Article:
faculteit: "FdR" en publicatiejaar: "2014"
| Auteur||T.P.R.R. Assaker|
|Titel||Using Force and Upholding Consent in UN Peace Operation: a Focus on UNIFIL|
|Faculteit||Faculteit der Rechtsgeleerdheid|
|Opleiding||FdR MA International and European Law: Public International Law|
|Trefwoorden||International and European Law; Public International Law; peacekeeping; UN; use of force; consent; UNIFIL; Lebanon; armed groups|
|Samenvatting||The most common criticism made of United Nations-led peace operations is their lack of ability to resort to coercive action when necessary, in particular to protect civilians. The United Nations Interim Force in Lebanon (UNIFIL), first deployed in southern Lebanon in 1978, is no exception to this criticism. In an attempt to overcome this difficulty, after the war of the summer of 2006, the United Nations Security Council enhanced the mandate and granted more resources and means to the Force. Even though it is recognized that UNIFIL plays an important role for the stability of the region, the issues relating to its ability and will to resort to force in situations where it might be required to, are far from solved. This has an impact on the credibility and legitimacy of the mission in the eyes of the local population. The expression of their dissatisfaction goes from sarcastic comments being made about Blue Helmets being there to ‘count the number of foreign tanks invading Lebanon’ to civilians actually blocking and attacking UNIFIL vehicles.|
‘UNIFIL-II’ can be seen as the first massive participation in peacekeeping by European countries after the traumatising experiences in Somalia, Rwanda and the former Yugoslavia in the 1990s. It is therefore crucial to understand whether or not we have learned lessons from the failures in past peace operations and, in a broader perspective, to what extent this tool provided by the collective security system is appropriate for - and capable of - providing durable peace in the Middle East and in other parts of the world that are struck by conflict.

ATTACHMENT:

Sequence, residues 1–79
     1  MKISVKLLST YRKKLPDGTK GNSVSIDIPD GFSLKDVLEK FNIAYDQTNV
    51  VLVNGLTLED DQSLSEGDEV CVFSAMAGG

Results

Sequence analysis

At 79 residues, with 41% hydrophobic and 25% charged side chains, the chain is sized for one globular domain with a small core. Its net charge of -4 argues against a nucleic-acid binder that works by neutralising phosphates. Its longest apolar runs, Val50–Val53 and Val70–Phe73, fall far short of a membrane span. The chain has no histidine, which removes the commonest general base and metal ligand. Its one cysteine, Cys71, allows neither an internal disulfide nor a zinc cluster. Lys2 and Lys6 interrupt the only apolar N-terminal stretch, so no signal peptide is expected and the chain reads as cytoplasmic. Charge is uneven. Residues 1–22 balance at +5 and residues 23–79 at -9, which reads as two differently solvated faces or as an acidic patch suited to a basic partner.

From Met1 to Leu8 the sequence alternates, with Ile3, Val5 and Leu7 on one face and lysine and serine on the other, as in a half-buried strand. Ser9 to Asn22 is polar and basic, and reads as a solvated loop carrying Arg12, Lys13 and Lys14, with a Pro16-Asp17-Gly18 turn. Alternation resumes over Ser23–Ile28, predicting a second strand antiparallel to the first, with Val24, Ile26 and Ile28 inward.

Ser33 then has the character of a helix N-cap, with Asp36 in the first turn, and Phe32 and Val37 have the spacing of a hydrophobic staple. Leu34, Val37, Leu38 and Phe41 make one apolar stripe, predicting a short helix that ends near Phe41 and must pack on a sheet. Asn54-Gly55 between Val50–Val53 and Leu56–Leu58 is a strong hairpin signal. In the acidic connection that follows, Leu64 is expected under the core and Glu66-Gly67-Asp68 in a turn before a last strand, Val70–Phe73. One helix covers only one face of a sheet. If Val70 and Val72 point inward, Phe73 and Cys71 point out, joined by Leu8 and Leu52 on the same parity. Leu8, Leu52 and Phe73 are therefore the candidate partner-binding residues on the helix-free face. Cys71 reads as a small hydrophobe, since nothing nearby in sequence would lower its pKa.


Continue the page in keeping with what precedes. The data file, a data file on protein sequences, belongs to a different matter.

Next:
The ability and will by peacekeepers to resort to coercive action is one of the key issues in that respect. Limited use of force in UN peacekeeping is intrinsically related to another aspect of this type of mission: the consent of the parties. This paper will attempt to set out the legal parameters relating to the use of force in a consensual UN peace operation, and will give special attention to the UNIFIL mission. After explaining the doctrine of UN peacekeeping (2) and analysing the historical and legal background behind the particular peace operation that is UNIFIL (3), my main research will focus on decrypting the attitudes of the several political actors of the Cedar country towards the UN mission (4), and confronting these with the right to use force by the Blue Helmets in southern Lebanon, using concrete examples from the field (5). UNIFIL will serve as the illustration of a problem that is not specific to it, as I will try to understand the complicated relationship that exists between consent and use of force in UN peace operations in general (6), before I conclude (7).
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